J Med Internet Res. 2020 Oct 11. doi: 10.2196/21499. Online ahead of print.
BACKGROUND: Social distancing is an important component of the response to the novel Coronavirus (COVID-19) pandemic. Minimizing social interactions and travel reduces the rate at which the infection spreads, and “flattens the curve” such that the medical system can better treat infected individuals. However, it remains unclear how the public will respond to these policies as the pandemic continues.
OBJECTIVE: We present the Twitter Social Mobility Index, a measure of social distancing and travel derived from Twitter data. We use public geolocated Twitter data to measure how much a user travels in a given week.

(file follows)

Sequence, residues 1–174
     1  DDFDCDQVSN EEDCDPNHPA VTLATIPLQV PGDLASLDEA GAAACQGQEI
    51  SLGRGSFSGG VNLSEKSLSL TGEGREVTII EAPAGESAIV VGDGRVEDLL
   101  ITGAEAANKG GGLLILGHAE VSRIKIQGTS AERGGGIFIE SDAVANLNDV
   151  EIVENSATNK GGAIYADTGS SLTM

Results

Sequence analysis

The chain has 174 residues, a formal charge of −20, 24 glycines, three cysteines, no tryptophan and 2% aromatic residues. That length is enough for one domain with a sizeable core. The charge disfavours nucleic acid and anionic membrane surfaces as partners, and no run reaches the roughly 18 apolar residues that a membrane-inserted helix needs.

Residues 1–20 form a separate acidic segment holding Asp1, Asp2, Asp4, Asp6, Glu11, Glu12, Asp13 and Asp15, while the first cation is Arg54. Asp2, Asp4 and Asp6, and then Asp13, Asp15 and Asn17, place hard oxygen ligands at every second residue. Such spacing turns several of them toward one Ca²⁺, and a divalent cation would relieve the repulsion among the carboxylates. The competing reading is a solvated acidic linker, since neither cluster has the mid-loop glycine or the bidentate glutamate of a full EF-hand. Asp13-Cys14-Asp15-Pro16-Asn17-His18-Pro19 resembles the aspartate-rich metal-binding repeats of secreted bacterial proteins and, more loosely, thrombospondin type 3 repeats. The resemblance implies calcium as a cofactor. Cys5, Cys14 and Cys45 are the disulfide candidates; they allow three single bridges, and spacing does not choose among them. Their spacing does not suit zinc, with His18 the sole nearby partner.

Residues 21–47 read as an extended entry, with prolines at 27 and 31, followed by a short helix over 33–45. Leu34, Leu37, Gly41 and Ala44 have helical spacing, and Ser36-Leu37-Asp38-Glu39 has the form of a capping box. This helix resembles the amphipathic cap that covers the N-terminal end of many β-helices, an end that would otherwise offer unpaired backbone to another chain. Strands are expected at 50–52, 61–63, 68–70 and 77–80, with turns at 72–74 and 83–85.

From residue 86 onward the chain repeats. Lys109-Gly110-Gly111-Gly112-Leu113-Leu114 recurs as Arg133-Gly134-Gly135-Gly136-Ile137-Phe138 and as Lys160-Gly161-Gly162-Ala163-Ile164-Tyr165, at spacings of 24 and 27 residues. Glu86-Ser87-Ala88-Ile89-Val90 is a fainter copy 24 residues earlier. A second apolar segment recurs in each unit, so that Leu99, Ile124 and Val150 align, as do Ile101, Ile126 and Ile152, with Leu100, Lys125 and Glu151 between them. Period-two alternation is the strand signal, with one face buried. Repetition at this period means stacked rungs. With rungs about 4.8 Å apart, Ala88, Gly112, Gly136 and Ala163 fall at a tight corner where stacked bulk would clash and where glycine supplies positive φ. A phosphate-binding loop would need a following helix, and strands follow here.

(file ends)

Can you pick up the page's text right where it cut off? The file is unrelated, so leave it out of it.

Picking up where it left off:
METHODS: We collected 469,669,925 geotagged tweets from January 1, 2019 to April 27, 2020 in the United States. We analyzed the aggregated mobility variance of a total of 3,768,959 Twitter users at the city and state level since the start of the COVID-19 pandemic.
RESULTS: We found a large reduction (61.83%) in travel in the United States after the implementation of social distancing policies. However, the variance by state was high, ranging from 38.54% to 76.80%. The eight states that did not have statewide orders as of the start of April ranked poorly: Arkansas (45), Iowa (37), Nebraska (35), North Dakota (22), South Carolina (38), South Dakota (46), Oklahoma (50), Utah (14), Wyoming (53). We present our findings online and will continue to update our analysis during the pandemic.
CONCLUSIONS: We observed larger reductions in states that were early adopters and smaller changes in states without policies. The results are also consistent with the ones based on other mobility data to certain extent. Therefore, geolocated tweets are an effective way to track social distancing practices from a public resource, suggesting that it can be used as part of ongoing pandemic response planning.